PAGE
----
THERE are those who would like to think that the press in the United States has turned the corner on ethics - and is significantly more responsible now than in the past in its reporting and its conduct of business.
Flagrant instances of abuse notwithstanding, there are some good reasons for this optimism.
But before there are any shouts of congratulation, it might be well to consult the general public to see if confidence in the media is on the rise among readers, viewers, and listeners. Many surveys indicate that it is not. In fact, in some respects it may be on the decline.
The situation adds up to what Rodgers and Hammerstein's King of Siam refers to musically as a ''puzzlement.'' If the press is behaving itself better, why the continued public mistrust?
An Ohio University journalism professor, Ralph S. Izard, may have part of the answer. He says that the ''decline in public respect for the media runs hand-in-hand with decline in respect for all major institutions - government, schools, big business, churches.'' Mr. Izard is conducting a series of surveys on media ethics under the aegis of the Society of Professional Journalists, Sigma Delta Chi.
But general skepticism can't be the whole reason. If it were, then the press might just bite the bullet and say: We'll do the best we can. The public will just have to work things out for itself.
Fortunately, some of the media are looking in the mirror and pulling up their socks. Among other things, they are penning ethics guidelines for their staffs, conducting workshops on reportorial conduct and libel, and making tough editorial decisions to avoid anything that remotely smacks of conflict of interest.
More broadly, the American Society of Newspaper Editors (ASNE) is embarking on a national research study to look for ways to help editors and media managers grapple with their eroding credibility. David Lawrence, editor of the Detroit Free Press and chairman of the ASNE's credibility committee, is quoted in Editor & Publisher, the trade weekly, as saying that ''the biggest discussion going on in journalism today is credibility.''
The American Press Institute (API) recently held a first-of-its-kind seminar for writers and editors on ''The Public Perception of Newspapers.'' Participants pinpointed these public assessments, including criticisms, of the print media:
* Reporters and editors don't always understand the complex situations they are required to report.
* Because newspapers report controversy, readers think they are enamored of bad news.
* Readers often see reporters as arrogant, insensitive people. And they are sometimes offended by what they feel is poor taste, bad manners, and uncaring feelings in story content.
* Readers say they are at the mercy of the media. And they demand higher standards than they have in the past.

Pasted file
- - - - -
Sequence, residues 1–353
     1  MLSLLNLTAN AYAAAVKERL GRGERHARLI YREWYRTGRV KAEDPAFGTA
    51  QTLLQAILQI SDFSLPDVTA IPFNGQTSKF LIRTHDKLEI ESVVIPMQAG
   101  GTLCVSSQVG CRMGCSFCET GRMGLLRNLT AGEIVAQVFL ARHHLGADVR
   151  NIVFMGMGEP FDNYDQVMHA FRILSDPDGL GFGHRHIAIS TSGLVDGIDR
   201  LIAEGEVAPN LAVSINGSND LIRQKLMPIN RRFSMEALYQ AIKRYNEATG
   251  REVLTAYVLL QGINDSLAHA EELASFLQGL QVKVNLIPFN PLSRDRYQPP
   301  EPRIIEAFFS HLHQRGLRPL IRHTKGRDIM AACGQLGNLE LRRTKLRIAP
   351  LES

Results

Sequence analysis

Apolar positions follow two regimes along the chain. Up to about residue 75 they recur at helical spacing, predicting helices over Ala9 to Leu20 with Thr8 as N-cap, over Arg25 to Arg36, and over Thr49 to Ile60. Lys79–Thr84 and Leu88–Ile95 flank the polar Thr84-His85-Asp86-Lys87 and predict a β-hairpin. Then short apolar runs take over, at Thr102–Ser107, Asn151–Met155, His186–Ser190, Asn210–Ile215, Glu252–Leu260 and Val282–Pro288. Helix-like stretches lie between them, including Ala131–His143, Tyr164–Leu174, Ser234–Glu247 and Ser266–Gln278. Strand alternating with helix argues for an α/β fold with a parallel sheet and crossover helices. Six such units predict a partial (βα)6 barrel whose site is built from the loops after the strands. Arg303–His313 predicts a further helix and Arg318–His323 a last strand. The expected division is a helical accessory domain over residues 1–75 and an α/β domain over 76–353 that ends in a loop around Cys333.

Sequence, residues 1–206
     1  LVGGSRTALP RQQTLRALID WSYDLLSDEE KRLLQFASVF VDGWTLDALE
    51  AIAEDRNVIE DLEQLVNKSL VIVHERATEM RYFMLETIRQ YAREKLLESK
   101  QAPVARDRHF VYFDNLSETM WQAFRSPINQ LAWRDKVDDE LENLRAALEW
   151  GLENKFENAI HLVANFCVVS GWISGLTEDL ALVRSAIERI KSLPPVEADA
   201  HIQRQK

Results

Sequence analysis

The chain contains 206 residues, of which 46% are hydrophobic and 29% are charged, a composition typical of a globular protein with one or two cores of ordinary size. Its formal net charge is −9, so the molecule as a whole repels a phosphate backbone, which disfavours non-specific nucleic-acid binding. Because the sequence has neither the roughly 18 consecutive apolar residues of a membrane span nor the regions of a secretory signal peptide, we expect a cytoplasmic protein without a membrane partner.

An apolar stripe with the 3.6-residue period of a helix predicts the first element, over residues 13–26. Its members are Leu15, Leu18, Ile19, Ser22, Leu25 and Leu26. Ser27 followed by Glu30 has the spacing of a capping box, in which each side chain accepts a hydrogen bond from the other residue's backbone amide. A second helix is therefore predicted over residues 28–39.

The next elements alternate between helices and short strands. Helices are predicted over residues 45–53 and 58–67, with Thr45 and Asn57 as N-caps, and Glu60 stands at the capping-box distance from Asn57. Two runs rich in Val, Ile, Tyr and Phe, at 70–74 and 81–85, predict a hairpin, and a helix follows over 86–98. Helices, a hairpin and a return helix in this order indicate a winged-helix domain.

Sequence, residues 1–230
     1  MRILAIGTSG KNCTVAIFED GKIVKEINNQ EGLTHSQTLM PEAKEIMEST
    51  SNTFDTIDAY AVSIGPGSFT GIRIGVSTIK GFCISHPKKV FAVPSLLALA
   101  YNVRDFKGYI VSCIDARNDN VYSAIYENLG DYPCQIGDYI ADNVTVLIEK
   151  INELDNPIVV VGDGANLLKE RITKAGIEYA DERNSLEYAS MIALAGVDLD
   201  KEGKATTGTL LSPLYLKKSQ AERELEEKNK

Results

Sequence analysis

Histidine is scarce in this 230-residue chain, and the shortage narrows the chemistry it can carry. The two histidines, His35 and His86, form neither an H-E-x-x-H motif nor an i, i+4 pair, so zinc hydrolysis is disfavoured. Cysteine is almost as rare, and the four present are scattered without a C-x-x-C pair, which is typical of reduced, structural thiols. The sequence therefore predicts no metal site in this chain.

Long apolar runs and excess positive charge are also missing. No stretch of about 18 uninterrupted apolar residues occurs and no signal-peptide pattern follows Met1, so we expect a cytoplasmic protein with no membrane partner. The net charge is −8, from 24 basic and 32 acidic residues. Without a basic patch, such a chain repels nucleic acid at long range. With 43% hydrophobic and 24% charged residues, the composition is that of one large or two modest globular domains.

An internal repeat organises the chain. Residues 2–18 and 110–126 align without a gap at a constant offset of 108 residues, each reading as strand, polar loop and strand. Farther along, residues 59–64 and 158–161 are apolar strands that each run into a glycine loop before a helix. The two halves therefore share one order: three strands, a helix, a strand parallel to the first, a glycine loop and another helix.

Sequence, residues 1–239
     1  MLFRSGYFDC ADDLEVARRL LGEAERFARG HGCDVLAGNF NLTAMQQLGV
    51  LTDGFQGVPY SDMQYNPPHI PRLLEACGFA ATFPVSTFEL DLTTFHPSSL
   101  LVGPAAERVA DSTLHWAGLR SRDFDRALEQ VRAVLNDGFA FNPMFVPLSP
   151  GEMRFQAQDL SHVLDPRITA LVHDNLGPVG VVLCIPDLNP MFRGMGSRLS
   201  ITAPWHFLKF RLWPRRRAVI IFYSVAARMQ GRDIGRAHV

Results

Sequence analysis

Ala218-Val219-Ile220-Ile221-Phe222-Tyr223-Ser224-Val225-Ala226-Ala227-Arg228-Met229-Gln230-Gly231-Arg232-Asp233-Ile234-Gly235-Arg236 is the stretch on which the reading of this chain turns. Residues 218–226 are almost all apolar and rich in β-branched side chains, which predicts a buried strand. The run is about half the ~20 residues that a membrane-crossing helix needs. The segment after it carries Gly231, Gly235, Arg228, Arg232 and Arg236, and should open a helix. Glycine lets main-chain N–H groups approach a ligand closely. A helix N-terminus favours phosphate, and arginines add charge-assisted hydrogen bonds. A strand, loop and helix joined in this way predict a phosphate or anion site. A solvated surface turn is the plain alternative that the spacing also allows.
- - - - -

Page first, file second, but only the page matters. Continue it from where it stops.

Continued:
* Minorities and other special-interest groups feel greatly underrepresented in the news mix.
Interestingly, participants in the seminar concluded that newspapers ''may have become too timid in the face of reader criticism.'' And they warned that there is risk of excessive self-flagellation on the part of the media.
Further, they protested that newspapers may be doing a better job of explaining themselves to readers - but that the audience doesn't like the explanations.
Recommendations to bolster public confidence include better reader access through letters to the editor, guest editorial page columns, community forums, and availability of editors, newspaper ombudsmen, or both; stronger staff orientation to ''beats,'' including a better grasp of history and culture in relation to social problems; inclusion of more minorities and women in staff mix; and a pinpointing of neglected areas or gaps in coverage.
Professor Izard says his research indicates that ''journalists are demonstrating a greater willingness to be compassionate.'' And he adds that there is significant progress in shoring up ethical standards by both the electronic and print media. The researcher enumerates examples of how the press is increasingly using restraint in reporting sensitive stories involving rape victims, suicides, victims of crime, bomb threats, and the family problems of public figures. There are no formulas, and decisions are almost always made on a case-by-case basis. He stresses, however, that there is often little consensus among media managers on how to handle these problems.
In the face of an increase in libel suits against the media and continued public and private criticism, Izard and others predict further moves toward ethical responsibility. The API seminar participants defined the problem on the broadest scale - in terms of survival of the media in a free society.
''Credibility is interrelated with freedom of the press,'' they concluded. ''Public perception of newspapers will affect the degree of the public's support of that freedom.''